A universal device suitable for any ambient pressure range can be made by providing a means for changing the pressure inside the cavity, such as by etching an access channel in the glass spacer wall between the two diaphragms and attaching a pressurizing port with a valve in the line. This approach permits the same thin diaphragm for measuring pressure changes of, for example, one tenth (0.1) psi to be used over a wide range of ambient pressures, so long as the nominal ambient is applied to the cavity. The diaphragms preferably have the same stiffness, that is, have the same response functions with respect to pressure, in order to avoid extensive calibrations. However, the calibrations can be inexpensively made with the help of, for example, small computer systems, if so desired.

The invention described herein is a capacitive device--essentially two capacitive sensors, as embodied to some degree in previous designs--but which are bonded together, diaphragm-toward-diaphragm, spaced but juxtaposed.

The capacitance variation with differential pressure is measured between the two diaphragms and between either diaphragm and its respective, associated base. Each of the diaphragms preferably is provided with a center bearing or stop(s) for accepting the load when over-pressured, thus further limiting the amount of allowed diaphragm movement.

When in contact at the center, the stiffness of the combined pair of diaphragms is increased several fold over that of a single diaphragm. Furthermore, providing for central bearings or bottoming stops for the combination on either side of the sensor prevents deflection of the affected diaphragm to the breaking point, because the presence of the opposed bottoming stops further stiffens its respective diaphragm.

In use, the differential pressure sensor of the invention could be used, for example, on one side to sense the exhaust pressure and on the other side to sense the ambient pressure to be able to, for example, compare the two. With the back-up strength of the other diaphragm and the central stop(s), large pressure overloads, such as those that occur in jet-engine backfires, automobile engine backfires, explosive gas furnace ignitions, and similar high pressure events, can be survived by the device of the present invention.

The foregoing and other features and advantages of the present invention will become more apparent from the following further description and drawings, in which like reference numbers are used across the figures to denote common or analogous elements or structures.

BRIEF DESCRIPTION OF THE DRAWING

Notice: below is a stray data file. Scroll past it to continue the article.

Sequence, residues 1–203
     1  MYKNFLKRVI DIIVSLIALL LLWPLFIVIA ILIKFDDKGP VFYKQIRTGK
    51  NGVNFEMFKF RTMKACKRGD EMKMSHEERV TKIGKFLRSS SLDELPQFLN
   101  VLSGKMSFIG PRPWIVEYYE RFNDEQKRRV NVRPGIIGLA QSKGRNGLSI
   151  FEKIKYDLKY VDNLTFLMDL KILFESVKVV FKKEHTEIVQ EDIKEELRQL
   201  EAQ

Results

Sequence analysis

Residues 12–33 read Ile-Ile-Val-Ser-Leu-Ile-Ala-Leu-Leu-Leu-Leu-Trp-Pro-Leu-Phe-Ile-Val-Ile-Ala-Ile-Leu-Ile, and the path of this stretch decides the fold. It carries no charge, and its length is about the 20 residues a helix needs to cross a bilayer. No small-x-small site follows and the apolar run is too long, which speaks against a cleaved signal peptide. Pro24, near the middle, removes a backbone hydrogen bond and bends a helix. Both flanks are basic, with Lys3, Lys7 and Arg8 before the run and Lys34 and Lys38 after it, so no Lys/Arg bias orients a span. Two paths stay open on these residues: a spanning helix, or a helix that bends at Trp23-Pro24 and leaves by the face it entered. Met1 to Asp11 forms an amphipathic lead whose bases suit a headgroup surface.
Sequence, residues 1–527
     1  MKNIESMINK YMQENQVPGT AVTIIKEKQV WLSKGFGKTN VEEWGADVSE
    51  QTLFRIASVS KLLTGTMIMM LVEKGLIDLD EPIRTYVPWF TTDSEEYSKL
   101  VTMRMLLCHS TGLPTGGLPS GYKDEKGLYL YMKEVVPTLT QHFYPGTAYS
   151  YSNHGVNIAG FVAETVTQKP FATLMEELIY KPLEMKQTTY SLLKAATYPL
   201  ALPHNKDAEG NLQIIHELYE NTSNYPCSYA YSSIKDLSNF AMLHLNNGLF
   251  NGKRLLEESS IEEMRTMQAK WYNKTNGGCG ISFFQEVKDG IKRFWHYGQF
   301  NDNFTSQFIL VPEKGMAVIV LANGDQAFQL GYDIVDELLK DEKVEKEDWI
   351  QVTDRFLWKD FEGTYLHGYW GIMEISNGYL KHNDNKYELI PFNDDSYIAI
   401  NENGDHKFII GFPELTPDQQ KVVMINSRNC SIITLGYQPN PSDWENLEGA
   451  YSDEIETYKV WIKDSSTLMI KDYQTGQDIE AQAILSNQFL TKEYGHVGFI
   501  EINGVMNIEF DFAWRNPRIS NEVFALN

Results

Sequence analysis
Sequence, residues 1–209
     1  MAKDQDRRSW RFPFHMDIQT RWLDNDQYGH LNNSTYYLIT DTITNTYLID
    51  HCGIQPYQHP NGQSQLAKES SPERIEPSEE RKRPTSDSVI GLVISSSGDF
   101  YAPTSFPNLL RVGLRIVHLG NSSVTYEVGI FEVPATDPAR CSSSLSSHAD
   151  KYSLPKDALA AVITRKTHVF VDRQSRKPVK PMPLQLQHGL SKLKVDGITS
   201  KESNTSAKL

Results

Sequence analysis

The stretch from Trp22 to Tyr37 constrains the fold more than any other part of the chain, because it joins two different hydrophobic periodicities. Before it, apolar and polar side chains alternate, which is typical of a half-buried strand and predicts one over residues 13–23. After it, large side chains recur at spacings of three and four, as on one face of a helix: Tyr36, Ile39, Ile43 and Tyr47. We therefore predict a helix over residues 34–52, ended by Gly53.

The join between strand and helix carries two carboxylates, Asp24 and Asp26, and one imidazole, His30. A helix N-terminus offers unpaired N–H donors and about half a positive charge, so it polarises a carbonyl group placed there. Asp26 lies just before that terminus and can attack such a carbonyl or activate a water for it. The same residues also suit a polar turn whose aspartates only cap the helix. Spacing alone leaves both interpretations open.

FIG. 1A is a perspective, partially cut-away view of an exemplary silicon-on-silicon capacitive single pressure sensor of the prior art, not a differential pressure sensor, the discussion of which serves as general background information to better understand the general sensing operation of each side of the differential pressure sensor of the present invention.

FIG. 1 is a side, simplified, cross-sectional view of an exemplary, differential pressure, silicon-on-silicon capacitive sensor having two, opposed diaphragms with centrally located sets of stops on opposite sides of the diaphragms, one set of stops for each diaphragm, all in accordance with the over-pressure protection principles of the present invention.

BEST MODE FOR CARRYING OUT THE INVENTION Single Sensor Structure (Prior Art--FIG. 1A)

For a better understanding of the general structure and operational characteristics of each side of the differential pressure sensor of the present invention, a simplified single sensor of the prior art will be discussed with reference to FIG. 1A for general background information.

In the exemplary prior art, silicon-glass-silicon single pressure sensor design of the sandwich type of FIG. 1A, a dielectric wall spacer 16 is located between a silicon diaphragm 11 and a silicon base 12. The dielectric wall spacer is typically made of borosilicate glass.

As can be seen in FIGS. 1A, the exemplary prior art silicon-on-silicon pressure sensor or transducer 10 typically is generally square in its exterior configuration but often at least generally and preferably is circular or cylindrical in shape for its inner, operative substructure. The sensor 10 includes an upper, conductive, square, flexible, appropriately doped, silicon diaphragm 11 and a lower or bottom, conductive, appropriately doped, silicon base or substrate 12 with a non-conductive dielectric layer and spacer 13 (made of, for example, borosilicate glass) between them, a closed, evacuated, hermetically sealed, reference cavity, chamber or interstice 14 being formed between the two silicon layers 11, 12. The chamber 14 is typically at a zero vacuum or can be sealed at a higher reference pressure, at which reference level the diaphragm 11 is parallel to the silicon substrate 12, with typically a two micrometer spacing between the two.